In last week’s lesson, we were able to understand the background of the book of Jonah, the purpose and the message of the book of Jonah and how Jonah refused to go Nineveh to prophesy. But in today’s lesson we will focus on, several sources. The first source is what’s the location of Nineveh? Second, we will see, the way in which Jonah prophesy to Nineveh. And third, we will find out that once an assignment is given, that God will take you to the people and/ or location to fulfill HIS assignment.
As we concentrate on these three sources, I pray that you become motivated to think closely about what your assignment is in the Kingdom of God. Or if you already know your assignment, please continue to be faithful, committed and dedicated to it. Our assignment in the kingdom of God is what pushes us to be fruitful, grow spiritual and remain dedicated to the things of God.
Now let’s look at the story of Jonah and see how we have an assignment in the kingdom of God. We find Jonah’s experience in the fish belly provides him with a unique opportunity to seek a unique deliverance. His initial act of disobedience leads not only to his personal revival, but to that of the Ninevites as well. The revival which Jonah brings to Nineveh was one of the greatest evangelistic efforts of all time.
During this period of history, Assyria was a powerful, evil nation and Israel’s most dreaded enemy. The Lord spoke to Jonah and told him to go to Nineveh, the capital of Assyria, and preach to the Ninevites. (Jonah 1:2) Jonah was commanded to warn the Ninevites to repent or suffer the consequences of their wickedness. But why was Jonah wrong to hate the Assyrians, similar to the way David said he hated those who hated God in Psalm 139:21-22, 21 Do not I hate them, O LORD, that hate thee? and am not I grieved with those that rise up against thee? 22I hate them with perfect hatred: I count them mine enemies.
It could be that the Assyrians did not have much hatred for the true God; they barely knew who he was. In Jonah 4:11 God speaks of the Ninevites as not knowing their right hand from their left, or in other words, scarcely even knowing right from wrong, 4:1-2
Where was Nineveh?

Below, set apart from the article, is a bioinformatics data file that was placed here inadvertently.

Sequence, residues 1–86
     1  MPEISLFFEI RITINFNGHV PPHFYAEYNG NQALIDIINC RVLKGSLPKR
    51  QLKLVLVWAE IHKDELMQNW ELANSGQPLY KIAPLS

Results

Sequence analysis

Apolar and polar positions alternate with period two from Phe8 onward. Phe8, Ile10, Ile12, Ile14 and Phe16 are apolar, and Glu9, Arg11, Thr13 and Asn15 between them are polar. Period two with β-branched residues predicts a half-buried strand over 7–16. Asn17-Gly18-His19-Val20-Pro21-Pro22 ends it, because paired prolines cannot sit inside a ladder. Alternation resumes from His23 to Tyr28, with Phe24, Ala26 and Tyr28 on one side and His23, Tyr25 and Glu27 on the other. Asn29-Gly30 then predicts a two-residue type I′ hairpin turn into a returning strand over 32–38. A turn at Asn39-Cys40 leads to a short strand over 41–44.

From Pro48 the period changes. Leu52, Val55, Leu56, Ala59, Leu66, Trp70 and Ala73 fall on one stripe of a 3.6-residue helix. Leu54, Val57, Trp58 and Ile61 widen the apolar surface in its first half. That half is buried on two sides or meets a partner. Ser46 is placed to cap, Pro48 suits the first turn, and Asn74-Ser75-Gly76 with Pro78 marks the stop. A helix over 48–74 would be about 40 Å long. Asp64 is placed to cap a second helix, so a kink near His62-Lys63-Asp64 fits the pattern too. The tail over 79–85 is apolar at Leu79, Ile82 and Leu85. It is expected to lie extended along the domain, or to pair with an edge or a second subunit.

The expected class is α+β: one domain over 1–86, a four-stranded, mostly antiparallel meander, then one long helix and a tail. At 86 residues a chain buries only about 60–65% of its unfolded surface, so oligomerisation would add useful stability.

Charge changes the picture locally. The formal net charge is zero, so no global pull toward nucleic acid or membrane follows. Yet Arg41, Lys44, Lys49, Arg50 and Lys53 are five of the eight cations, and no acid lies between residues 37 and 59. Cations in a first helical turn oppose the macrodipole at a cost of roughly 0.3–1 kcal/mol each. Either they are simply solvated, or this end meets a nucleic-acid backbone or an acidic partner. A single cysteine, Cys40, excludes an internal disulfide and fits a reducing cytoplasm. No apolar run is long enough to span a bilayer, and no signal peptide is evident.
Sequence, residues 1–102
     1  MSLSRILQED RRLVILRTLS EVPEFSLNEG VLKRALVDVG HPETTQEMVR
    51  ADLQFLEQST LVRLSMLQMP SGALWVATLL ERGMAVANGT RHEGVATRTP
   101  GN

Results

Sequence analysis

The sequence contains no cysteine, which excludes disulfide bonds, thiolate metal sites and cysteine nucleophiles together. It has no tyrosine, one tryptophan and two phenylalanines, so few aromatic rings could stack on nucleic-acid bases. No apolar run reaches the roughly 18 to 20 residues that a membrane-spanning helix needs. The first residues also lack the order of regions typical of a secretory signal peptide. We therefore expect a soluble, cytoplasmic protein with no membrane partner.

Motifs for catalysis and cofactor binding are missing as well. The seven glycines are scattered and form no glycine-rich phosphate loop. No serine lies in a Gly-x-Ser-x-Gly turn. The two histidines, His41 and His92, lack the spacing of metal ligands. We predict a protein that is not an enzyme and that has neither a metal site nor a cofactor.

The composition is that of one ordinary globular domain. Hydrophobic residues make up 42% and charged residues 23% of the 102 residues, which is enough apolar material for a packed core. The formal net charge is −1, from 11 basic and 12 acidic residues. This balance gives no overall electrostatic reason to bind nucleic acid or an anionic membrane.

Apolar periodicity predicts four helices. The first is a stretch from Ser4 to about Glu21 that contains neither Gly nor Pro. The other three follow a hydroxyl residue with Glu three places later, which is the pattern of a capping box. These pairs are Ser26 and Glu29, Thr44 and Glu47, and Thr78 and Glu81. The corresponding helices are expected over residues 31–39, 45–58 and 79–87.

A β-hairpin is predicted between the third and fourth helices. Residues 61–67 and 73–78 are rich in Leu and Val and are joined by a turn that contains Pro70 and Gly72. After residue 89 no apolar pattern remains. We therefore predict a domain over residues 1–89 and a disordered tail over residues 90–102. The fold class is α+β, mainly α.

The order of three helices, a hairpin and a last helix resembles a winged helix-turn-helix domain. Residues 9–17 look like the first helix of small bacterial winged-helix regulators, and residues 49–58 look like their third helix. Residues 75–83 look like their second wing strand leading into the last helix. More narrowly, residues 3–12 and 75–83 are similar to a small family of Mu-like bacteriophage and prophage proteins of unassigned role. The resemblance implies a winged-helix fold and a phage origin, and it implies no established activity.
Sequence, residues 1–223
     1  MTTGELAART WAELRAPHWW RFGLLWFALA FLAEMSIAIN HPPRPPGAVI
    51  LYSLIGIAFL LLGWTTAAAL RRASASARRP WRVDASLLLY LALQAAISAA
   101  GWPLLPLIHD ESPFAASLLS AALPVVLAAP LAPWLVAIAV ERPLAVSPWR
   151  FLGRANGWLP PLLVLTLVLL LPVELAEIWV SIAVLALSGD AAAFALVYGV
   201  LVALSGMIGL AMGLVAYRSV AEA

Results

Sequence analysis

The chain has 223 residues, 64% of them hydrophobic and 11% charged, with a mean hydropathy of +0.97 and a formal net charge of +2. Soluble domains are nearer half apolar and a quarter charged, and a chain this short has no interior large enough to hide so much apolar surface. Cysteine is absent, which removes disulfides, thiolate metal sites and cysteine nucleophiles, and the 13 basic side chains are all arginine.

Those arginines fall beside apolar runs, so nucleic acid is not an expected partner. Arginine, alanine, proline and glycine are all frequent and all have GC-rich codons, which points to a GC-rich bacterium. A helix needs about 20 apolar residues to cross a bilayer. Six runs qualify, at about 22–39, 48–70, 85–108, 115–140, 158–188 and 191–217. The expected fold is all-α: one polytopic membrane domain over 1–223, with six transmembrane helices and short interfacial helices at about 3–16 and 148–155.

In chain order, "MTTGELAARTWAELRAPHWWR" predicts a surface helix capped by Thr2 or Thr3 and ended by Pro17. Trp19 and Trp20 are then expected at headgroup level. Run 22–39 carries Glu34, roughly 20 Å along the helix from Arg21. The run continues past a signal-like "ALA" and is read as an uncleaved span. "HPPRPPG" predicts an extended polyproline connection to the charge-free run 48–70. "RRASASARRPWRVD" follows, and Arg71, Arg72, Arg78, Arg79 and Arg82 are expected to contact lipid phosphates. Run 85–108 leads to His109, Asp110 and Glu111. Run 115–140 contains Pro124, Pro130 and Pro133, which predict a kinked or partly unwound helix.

Jonah's fear and pride caused him to run from God. He did not wish to go to Nineveh to preach repentance to the people, as God has commanded, because he feels they are his enemies, and he is convinced that God will not carry out his threat to destroy the city. Where was Nineveh? Nineveh was the capital city of Assyria. It is first mentioned in the Bible in Genesis10:11, 11Out of that land went forth Asshur, and builded Nineveh, and the city Rehoboth, and Calah”. The next time it is mentioned is in the book of Jonah. Described as a great and densely populated city, it is also identified as the capital of the Assyrian empire in II Kings 19:36 and Isaiah 37:37.
Nineveh was a mighty, thriving city surrounded by three moats and five walls, the tallest of which rose up 100 feet and stretched for 60 miles around the city. It was known for its wide avenues and squares, its extensive public and private libraries, and the beauty of its temples, parks and gardens. Water was brought in from a reservoir located approximately 30 miles away through a system of aqueducts. Language, religion and culture united the people to Nineveh. Nineveh was a distant city. In Jonah 3:3 So Jonah arose, and went unto Nineveh, according to the word of the LORD. Now Nineveh was an exceeding great city of three days' journey. And had a population numbering more than 120,000, thousand according to 4:11And should not I spare Nineveh, that great city, wherein are more than six score thousand persons that cannot discern between their right hand and their left hand; and also much cattle?